The Securities and Exchanges Commission in the US has issued guidance to companies allowing them to make key announcements to investors through social media networks, including YouTube, Facebook and Twitter.
The news follows an investigation after Netflix chief executive Reed Hastings made comments on the company’s official Facebook account.
As SmartCompany reported at the time, in July of last year, Hastings posted a comment on Facebook celebrating the fact that consumers had watched over one billion hours of content through the online video giant’s services during the previous month.
While consumers downloading one billion hours of content constituted a clear “material event” under “Regulation FD” reporting laws in the US, it was unclear at the time whether a social media represented an “effective means for disseminating information to investors.”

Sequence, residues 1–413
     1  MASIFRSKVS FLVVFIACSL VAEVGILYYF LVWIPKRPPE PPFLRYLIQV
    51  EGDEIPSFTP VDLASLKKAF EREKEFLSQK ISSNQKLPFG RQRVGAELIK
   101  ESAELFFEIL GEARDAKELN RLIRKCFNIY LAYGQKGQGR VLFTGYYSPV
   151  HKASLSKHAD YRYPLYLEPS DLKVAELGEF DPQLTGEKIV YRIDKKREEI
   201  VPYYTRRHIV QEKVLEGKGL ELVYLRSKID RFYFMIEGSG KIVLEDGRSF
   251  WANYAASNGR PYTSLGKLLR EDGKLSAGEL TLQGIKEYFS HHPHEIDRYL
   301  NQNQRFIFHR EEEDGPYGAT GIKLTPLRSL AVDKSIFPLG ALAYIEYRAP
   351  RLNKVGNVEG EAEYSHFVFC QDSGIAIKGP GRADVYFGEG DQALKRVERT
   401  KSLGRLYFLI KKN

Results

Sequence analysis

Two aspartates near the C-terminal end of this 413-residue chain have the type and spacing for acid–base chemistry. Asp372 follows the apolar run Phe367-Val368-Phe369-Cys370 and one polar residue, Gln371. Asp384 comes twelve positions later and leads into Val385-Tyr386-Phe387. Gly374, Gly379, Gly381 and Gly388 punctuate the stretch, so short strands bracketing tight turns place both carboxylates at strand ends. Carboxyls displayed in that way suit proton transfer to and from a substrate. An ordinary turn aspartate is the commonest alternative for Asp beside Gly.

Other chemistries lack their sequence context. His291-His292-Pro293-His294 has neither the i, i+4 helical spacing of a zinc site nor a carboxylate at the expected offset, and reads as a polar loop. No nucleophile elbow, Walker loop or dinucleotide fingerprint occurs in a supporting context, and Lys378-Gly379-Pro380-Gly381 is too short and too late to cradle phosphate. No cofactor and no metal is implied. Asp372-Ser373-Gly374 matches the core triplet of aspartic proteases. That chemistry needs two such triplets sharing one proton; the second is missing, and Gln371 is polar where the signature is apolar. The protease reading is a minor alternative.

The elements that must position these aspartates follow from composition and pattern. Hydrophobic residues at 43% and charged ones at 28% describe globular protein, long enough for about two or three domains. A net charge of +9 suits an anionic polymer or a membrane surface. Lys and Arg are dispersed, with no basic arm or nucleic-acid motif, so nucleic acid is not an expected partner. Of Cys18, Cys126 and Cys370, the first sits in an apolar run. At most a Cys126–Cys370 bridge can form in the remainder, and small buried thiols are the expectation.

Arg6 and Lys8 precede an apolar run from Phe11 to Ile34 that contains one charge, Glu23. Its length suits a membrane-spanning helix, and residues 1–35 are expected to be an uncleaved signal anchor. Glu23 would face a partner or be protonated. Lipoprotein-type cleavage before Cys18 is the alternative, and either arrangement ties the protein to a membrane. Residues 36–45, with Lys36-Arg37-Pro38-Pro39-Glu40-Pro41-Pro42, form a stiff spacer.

In a statement, the SEC clarifies that, just like websites, most major social media networks do fulfil the criteria.
“Today’s report clarifies that company communications made through social media channels could constitute selective disclosures and, therefore, require careful Regulation FD analysis.”
“One set of shareholders should not be able to get a jump on other shareholders just because the company is selectively disclosing important information,” says acting director of the SEC’s Division of Enforcement, George Canellos.
“Most social media are perfectly suitable methods for communicating with investors, but not if the access is restricted or if investors don’t know that’s where they need to turn to get the latest news.”